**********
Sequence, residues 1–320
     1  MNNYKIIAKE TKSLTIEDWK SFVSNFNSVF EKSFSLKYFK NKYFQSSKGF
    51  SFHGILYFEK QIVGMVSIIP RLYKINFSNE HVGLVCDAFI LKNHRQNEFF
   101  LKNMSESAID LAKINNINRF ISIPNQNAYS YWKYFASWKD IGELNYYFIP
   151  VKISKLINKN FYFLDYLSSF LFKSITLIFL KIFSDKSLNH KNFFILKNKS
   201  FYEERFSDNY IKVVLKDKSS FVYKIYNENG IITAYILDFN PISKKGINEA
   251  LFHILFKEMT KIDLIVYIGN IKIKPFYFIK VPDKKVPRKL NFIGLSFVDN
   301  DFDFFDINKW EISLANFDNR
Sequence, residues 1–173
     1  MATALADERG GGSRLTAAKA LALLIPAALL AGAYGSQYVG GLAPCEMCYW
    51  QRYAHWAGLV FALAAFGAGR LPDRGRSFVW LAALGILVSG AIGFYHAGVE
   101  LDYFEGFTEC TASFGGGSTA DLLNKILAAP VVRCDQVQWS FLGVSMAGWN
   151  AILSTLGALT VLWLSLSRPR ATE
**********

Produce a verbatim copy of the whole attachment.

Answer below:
Sequence, residues 1–320
     1  MNNYKIIAKE TKSLTIEDWK SFVSNFNSVF EKSFSLKYFK NKYFQSSKGF
    51  SFHGILYFEK QIVGMVSIIP RLYKINFSNE HVGLVCDAFI LKNHRQNEFF
   101  LKNMSESAID LAKINNINRF ISIPNQNAYS YWKYFASWKD IGELNYYFIP
   151  VKISKLINKN FYFLDYLSSF LFKSITLIFL KIFSDKSLNH KNFFILKNKS
   201  FYEERFSDNY IKVVLKDKSS FVYKIYNENG IITAYILDFN PISKKGINEA
   251  LFHILFKEMT KIDLIVYIGN IKIKPFYFIK VPDKKVPRKL NFIGLSFVDN
   301  DFDFFDINKW EISLANFDNR
Sequence, residues 1–173
     1  MATALADERG GGSRLTAAKA LALLIPAALL AGAYGSQYVG GLAPCEMCYW
    51  QRYAHWAGLV FALAAFGAGR LPDRGRSFVW LAALGILVSG AIGFYHAGVE
   101  LDYFEGFTEC TASFGGGSTA DLLNKILAAP VVRCDQVQWS FLGVSMAGWN
   151  AILSTLGALT VLWLSLSRPR ATE